I’d like her to know that I am proud of her, so I will praise her efforts.

I’d like her to know how much I love the things that she does without me asking, so I will let her know how I value her independence.

I’d like her to know that she adds joy to my life, so I will let her know how much she is cherished.

I’d like her to grow to be confident, smart, loving and trusting of both herself and of us.
If I can get her there, than I will know that we’ve both done ok.

And that is as good as it gets.

Friday, September 22, 2006

Penelope's Reading List

Read only the very first chapter and it is easy to see why
The Friends of Meager Fortune, David Adams Richards’ latest epic, was recently named as a long-list finalist for the Giller Prize. Then read on, and discover a story whose prosaic allure takes hold of your imagination and does not easily let go.

Set in World War II era New Brunswick, Friends once again takes us to rural, wild Canada where, against a backdrop of the most beautiful, most ferocious landscape, a logging family weaves a saga of fortune and tragedy, love and vengeance.

It is here that we meet the Jameson clan, including eldest son Will, whose determination and gifts see him raised to mythical proportions in the eyes of the town and his fellow loggers, and younger son Owen, who must bear the twin burdens of that greatness and of a looming prophecy divulged long ago.

Plagued by war, scandal, treachery and trial, Adams Richards leads us through the last great logging haul before the inevitable advancement of technology, and into the hearts and minds of a townspeople determined to see the Jameson family ruined.

As with the Giller-prize winning Mercy Among the Children, Adams Richards offers readers an unparallelled level of both tragedy and humanity, where a series of unfortunate events, ironies and maliciousness plunge our protaganists to the lowest depths of misery, though, while there, even the most put-upon, misunderstood or accused character manages to cling to the belief that love, beauty and kindness exist and are worth surviving for.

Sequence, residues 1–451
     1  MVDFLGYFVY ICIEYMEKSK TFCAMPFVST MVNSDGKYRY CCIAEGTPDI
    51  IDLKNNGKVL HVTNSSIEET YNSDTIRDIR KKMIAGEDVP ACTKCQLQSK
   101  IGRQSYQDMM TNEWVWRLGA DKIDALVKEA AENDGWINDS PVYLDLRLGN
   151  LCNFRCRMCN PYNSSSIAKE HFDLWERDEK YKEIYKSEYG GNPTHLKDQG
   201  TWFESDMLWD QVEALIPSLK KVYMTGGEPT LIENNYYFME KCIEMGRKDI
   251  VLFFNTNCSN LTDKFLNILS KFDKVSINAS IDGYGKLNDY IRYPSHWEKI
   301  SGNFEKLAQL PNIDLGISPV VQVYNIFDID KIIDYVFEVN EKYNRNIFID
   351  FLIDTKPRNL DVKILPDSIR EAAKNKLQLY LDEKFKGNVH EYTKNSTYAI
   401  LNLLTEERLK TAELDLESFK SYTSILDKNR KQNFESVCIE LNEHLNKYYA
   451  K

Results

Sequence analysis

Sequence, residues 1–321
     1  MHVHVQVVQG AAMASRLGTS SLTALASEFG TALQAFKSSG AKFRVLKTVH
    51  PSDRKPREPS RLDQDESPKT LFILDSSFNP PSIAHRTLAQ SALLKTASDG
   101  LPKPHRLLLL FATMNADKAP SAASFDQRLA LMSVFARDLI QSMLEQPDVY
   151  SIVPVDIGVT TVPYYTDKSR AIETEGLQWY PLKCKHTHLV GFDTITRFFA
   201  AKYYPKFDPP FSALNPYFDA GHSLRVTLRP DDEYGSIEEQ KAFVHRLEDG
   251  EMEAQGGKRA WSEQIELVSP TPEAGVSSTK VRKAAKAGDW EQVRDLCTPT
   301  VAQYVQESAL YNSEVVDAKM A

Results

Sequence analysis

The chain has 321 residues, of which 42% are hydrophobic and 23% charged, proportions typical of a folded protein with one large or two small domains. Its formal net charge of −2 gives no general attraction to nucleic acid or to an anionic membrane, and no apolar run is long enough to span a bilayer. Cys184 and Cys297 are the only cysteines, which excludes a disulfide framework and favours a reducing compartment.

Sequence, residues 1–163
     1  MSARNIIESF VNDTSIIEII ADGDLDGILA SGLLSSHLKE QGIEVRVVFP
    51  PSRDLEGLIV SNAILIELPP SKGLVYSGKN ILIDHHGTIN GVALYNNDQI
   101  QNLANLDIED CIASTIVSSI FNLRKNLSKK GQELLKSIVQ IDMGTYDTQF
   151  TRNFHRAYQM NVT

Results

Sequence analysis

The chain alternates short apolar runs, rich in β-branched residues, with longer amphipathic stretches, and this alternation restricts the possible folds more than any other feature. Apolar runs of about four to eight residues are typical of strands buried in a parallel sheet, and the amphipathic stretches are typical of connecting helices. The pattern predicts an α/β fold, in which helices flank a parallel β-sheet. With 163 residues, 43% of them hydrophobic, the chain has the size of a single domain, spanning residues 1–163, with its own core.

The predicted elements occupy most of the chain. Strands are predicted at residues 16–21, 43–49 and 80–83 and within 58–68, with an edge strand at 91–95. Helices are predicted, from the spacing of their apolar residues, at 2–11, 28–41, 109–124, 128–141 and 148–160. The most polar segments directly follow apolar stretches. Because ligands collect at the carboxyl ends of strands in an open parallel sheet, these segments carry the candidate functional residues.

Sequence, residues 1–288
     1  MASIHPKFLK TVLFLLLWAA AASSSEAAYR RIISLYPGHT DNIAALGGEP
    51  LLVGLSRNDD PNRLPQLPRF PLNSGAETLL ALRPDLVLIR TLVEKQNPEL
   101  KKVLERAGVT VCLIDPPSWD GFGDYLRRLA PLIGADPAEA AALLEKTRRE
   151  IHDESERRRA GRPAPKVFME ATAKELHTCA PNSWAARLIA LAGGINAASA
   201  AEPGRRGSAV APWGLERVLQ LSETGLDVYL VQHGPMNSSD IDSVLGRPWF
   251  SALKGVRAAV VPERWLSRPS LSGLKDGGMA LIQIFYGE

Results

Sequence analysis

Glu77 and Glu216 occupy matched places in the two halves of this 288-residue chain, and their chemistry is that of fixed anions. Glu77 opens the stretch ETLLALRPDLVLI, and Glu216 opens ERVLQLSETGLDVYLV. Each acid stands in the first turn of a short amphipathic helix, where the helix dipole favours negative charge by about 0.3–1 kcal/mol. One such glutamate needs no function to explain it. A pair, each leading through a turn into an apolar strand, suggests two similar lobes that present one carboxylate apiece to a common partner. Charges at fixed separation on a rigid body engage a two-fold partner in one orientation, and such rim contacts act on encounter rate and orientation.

There are two linked struggles throughout the story – that which takes place on the mountain, where the battle is fought mostly against the nature of the land, and that which takes place in town, where the battle is fought mostly against the nature of humans. In both struggles, the players long for reward and redemption, and in both, losing, we are assured, means certain death.

Adams Richards weaves his tale in a language of subtleties; the action meanders, and sometime seems to even stall, then is punctuated by a series of tragically beautiful events. But the plot does move forward, in whispers that are almost hidden. If tempted to skim even the most innocuous-seeming paragraph, you risk altogether missing the most imperative answer. Secrets are revealed in the most casual of exchanges.

But I urge you: don’t skim. Don’t miss even one word of this tragic, beautiful epic.

Monday, September 18, 2006

The Disgusting Incident of the Mouse in the Nighttime

*Now edited for tv tag action! See below*

So, a mere 5 days ago, I’m reading the lovely Sunshine Scribe’s post about her unwanted houseguest, and, ha ha, look at me, leaving witty comments about charging rent, blah blah, glad it’s not me –

It’s me.

This morning, around 3:45, I was awakened by the sound of my cat going on an early-morning rampage with what I can only assume is a hair clip left somewhere to be batted to the floor, or perhaps something crinkly surreptitiously pilfered from the wastepaper basket in the bathroom – right?